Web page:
Land-use type, and land management and disturbance affect soil δ15N: a review

Abstract

Purpose

We compared the patterns of natural abundance of nitrogen (N) isotope ratio (δ15N) of total soil N among cropland, forest, and grassland soils, with special interests in the effects of farming system on cropland and grassland, and climate zone on forest soils, as well as the general effect of land-use change and site disturbance.

Material and methods

We analyzed data on δ15N of terrestrial N sources (n = 532), cropland (n = 168), forest (n = 227 for organic and 428 for mineral soil layers), and grassland soils (n = 624).

Results and discussion

Forest soils had the lowest δ15N (– 1.0 ± 0.2‰ and + 3.1 ± 0.2‰ for mineral and organic soil layers, respectively), reflecting the influence of the 15N-depleted source N and the more closed nature of the N cycle. Tropical forest soil had higher δ15N than other climate zones, reflecting the influence of the high N availability and loss in tropical forests. The low δ15N in subtropical forest soils likely reflected the influence of the high rate of deposition of 15N-depleted N. The δ15N of cropland (+ 5.0 ± 0.2‰) and grassland (+ 6.2 ± 0.1‰) soils was greater with manure than with synthetic fertilizer applications. Soil δ15N was also affected by land-use change and was often increased (followed by progressive decreases) by site disturbance.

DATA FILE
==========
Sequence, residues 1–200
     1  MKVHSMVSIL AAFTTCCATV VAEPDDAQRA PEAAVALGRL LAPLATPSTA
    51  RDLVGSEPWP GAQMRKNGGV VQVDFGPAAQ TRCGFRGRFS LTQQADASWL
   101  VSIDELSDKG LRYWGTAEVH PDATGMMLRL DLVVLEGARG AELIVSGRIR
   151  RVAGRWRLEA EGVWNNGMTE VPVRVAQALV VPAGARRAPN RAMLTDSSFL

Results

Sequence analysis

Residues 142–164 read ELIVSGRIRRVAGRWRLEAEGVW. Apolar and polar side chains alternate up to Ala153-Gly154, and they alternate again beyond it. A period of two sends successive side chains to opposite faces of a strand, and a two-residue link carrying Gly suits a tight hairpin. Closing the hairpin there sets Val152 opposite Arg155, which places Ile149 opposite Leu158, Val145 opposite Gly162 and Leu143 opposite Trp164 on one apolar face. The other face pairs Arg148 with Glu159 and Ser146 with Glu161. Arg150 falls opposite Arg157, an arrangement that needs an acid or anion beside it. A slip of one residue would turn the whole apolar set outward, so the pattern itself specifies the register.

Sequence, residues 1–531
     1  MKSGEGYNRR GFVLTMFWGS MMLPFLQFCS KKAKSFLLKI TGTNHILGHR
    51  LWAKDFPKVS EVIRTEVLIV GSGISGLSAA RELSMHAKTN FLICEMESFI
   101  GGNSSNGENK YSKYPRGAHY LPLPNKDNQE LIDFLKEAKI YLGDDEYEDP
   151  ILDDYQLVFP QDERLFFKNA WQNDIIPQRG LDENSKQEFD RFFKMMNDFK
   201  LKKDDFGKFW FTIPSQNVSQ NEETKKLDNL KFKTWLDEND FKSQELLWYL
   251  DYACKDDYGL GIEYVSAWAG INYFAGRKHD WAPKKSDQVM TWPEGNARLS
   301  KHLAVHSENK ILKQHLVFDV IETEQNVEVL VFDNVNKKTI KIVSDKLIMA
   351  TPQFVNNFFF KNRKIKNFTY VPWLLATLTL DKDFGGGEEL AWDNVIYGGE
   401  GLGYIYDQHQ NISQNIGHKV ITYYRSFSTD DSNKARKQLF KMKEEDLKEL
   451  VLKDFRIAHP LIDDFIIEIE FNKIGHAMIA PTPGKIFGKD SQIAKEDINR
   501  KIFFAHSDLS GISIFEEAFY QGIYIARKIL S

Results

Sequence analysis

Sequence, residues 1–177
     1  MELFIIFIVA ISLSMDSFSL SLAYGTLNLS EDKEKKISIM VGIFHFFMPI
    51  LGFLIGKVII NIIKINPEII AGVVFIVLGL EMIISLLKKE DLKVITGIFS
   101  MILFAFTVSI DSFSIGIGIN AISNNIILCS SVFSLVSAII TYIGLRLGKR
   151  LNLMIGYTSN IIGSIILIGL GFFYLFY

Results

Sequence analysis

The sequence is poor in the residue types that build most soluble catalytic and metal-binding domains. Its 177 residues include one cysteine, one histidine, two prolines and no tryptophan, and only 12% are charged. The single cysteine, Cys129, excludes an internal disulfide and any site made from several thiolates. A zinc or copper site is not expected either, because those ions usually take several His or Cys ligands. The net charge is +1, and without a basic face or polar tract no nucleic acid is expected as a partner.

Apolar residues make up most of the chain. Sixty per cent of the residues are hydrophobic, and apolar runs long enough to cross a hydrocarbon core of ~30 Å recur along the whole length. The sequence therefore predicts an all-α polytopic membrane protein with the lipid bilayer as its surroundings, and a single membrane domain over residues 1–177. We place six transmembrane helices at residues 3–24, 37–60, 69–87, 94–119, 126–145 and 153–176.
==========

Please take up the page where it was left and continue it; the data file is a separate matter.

Conclusions

Land-use type and land management effects on soil δ15N reflect changes in both the N sources and loss, while land disturbance effects are primarily associated with the degree of N loss. We also conclude that subtropical forest soil δ15N is affected by the high rate of atmospheric N deposition.

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This work was carried out with the support of “Cooperative Research Program for Agriculture Science and Technology Development (Project No. PJ015010022020)”, Rural Development Administration, Republic of Korea.

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Choi, WJ., Kwak, JH., Park, HJ. et al. Land-use type, and land management and disturbance affect soil δ15N: a review. J Soils Sediments 20, 3283–3299 (2020). https://doi.org/10.1007/s11368-020-02708-x

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Keywords

  • Cropland soil
  • Forest soil
  • Grassland soil
  • Land-use change
  • Nitrogen isotope